Friday, September 02, 2011

How do you know your real credit score?

While we all know that it is important to have a good credit score, often we do not think about our own score until we have credit declined, for example, when looking to arrange loans. It is important, however, to keep track of your credit score and take action if necessary.

It is interesting that while most Americans have heard of credit scores, many do not know how they are calculated and what they are used for.

At a basic level, your credit score measures your ability to repay loans and other debts. It influences whether lenders will lend to you and, if so, on what terms.

A credit score is a bit like a report card. It records what debts you have, whether you pay your bills and whether you make repayments on loans on time. Any missed or late payments are recorded.

The main benefit of having a good credit score is that you qualify for better rates on loans and mortgages. Lenders see you as a good risk and reward you accordingly.

It is not just when you are looking for credit, however, that your credit score is important. These scores are increasingly used as a background check to evaluate you when you apply for an apartment or job.

So who decides what your credit score is? There are a number of different credit agencies around. The main American ones are Equifax, Experian and Trans Union.

Scores can be different at the different credit rating agencies because they may have slightly different information from each other and may use different ratings systems. There should not, however, be any major discrepancies between the different agencies.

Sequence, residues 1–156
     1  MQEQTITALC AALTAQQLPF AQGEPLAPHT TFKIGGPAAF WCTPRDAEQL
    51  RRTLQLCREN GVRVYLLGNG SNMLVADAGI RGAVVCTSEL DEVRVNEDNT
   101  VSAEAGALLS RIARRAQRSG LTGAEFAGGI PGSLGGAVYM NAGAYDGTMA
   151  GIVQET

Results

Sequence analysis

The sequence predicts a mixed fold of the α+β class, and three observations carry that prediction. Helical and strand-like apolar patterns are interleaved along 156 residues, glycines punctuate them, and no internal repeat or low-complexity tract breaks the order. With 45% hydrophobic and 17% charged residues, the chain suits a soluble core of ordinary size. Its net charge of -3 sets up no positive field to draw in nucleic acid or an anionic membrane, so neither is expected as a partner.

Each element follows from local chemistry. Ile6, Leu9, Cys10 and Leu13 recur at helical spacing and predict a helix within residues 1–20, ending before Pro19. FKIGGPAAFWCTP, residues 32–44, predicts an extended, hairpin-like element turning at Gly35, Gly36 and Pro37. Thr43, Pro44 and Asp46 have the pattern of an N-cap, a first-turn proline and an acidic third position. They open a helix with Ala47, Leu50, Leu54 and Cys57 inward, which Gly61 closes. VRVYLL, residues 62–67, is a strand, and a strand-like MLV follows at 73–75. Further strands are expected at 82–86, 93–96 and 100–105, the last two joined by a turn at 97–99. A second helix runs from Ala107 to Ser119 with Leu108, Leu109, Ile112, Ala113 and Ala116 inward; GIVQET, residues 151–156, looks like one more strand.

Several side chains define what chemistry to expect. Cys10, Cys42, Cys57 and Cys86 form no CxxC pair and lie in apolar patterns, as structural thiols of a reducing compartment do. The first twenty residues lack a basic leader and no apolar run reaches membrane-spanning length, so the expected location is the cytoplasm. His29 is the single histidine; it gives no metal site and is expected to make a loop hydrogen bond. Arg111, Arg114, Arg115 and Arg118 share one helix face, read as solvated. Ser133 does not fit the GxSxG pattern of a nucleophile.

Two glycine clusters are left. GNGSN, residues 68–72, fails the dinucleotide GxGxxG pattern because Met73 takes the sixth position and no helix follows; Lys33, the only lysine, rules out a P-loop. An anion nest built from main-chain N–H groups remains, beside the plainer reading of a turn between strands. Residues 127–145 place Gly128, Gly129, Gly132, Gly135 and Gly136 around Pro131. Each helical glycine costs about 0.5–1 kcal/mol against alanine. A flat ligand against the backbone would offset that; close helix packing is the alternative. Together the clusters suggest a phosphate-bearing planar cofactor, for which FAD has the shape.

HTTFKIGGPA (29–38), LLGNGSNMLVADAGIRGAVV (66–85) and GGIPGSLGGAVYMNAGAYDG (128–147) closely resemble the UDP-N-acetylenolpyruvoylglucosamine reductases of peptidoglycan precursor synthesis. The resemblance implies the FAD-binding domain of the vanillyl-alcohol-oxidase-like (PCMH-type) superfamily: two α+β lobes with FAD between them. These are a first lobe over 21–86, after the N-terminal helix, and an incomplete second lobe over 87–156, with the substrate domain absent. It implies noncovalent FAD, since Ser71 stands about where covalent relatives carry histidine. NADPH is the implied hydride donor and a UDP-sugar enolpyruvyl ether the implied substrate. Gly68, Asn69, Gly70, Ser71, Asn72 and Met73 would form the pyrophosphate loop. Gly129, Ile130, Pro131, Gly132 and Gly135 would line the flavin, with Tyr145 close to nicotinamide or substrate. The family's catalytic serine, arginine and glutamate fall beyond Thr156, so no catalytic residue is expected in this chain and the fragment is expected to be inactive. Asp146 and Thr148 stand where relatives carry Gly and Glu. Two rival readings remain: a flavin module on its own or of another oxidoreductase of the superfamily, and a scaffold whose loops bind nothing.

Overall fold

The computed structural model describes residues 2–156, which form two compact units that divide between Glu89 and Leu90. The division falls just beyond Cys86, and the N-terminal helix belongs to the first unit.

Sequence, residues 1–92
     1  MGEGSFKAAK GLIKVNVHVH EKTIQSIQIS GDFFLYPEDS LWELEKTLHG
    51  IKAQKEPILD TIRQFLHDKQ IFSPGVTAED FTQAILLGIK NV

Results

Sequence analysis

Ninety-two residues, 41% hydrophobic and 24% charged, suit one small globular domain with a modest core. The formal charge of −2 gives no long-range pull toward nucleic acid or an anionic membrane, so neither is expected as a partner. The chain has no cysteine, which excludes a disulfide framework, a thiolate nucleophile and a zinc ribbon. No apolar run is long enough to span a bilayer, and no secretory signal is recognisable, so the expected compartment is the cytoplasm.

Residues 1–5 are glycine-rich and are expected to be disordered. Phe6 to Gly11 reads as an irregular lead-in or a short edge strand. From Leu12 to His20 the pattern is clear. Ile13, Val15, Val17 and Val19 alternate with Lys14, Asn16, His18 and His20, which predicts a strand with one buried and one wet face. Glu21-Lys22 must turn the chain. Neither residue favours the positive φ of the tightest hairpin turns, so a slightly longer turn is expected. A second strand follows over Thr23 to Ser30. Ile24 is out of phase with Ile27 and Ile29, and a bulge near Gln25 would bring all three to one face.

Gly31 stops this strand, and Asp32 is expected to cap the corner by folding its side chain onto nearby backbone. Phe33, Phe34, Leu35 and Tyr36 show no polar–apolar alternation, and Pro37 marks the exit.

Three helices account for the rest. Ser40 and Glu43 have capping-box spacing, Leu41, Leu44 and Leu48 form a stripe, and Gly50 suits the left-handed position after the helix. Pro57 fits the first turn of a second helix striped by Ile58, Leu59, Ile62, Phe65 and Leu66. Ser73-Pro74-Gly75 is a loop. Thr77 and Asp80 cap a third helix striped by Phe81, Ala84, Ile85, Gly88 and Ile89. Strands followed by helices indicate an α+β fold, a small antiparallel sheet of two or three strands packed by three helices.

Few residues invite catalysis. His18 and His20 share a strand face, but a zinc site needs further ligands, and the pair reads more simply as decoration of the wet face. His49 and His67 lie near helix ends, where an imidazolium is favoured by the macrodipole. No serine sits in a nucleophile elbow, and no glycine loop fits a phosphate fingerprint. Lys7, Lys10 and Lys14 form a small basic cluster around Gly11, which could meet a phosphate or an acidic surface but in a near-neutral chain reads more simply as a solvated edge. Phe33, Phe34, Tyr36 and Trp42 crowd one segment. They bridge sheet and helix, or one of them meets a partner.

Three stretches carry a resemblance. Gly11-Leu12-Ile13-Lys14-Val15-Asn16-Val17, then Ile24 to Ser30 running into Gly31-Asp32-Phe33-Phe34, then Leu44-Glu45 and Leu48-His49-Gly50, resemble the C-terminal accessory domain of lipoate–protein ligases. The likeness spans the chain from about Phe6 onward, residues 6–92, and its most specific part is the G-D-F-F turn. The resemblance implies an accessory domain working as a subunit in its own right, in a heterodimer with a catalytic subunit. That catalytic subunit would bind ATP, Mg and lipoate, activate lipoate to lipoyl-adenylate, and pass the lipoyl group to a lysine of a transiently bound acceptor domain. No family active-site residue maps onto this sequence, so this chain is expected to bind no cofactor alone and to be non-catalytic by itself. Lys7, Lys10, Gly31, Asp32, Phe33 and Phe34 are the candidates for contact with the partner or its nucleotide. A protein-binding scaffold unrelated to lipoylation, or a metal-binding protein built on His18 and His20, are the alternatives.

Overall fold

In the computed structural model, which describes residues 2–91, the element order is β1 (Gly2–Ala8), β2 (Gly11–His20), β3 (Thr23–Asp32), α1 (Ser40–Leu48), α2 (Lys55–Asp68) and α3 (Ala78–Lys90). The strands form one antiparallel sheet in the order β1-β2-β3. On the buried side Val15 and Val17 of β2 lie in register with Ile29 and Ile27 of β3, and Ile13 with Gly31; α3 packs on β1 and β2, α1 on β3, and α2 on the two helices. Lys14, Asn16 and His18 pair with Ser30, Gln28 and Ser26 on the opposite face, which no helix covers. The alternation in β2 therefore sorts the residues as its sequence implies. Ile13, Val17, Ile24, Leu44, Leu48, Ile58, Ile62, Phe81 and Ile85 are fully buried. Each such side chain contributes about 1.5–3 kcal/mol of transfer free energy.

Your credit score is constantly changing. You get points based upon the agencies' assessment of your creditworthiness i.e. your ability to pay back your debts such as loans and credit cards. Your whole financial history is taken into account.

There are, however, some things that cannot be used to determine your credit rating such as gender, race, ethnicity and religion. This is because of equal opportunities legislation.

The best way to know what information is being held about you is to obtain a copy of your credit report. These are available for a small fee but the agencies sometimes offer to obtain your report for free. You are also able to obtain a free copy if you have been denied credit in the last 60 days or are on welfare.

The first thing to check is that it is accurate. If anything is wrong, you should contact the credit agency and dispute it. Even if your dispute is not allowed, you are still able to ask for a statement to be added to your credit file.

If your credit score is poor, there are a number of steps that you can take to improve it, such as paying off existing debts on time. It is also important not to continually apply for new credit or loans as these applications will all appear on your file.

It is important to continue to have some form of credit such as loans or credit cards, however, as no credit history can have nearly as much of an impact as a poor credit history.

There are ways to rebuild your credit file. Some companies offer loans for people with poor or no credit history. These are usually for smaller amounts and are more expensive than conventional loans. They can, however, be a good way to demonstrate financial responsibility.

In the modern world, it is inevitable that we will all need credit at some point, whether it is for emergency loans or big purchases on credit cards. It is, therefore, important to make sure that your credit score is correct and take action if it could be improved.

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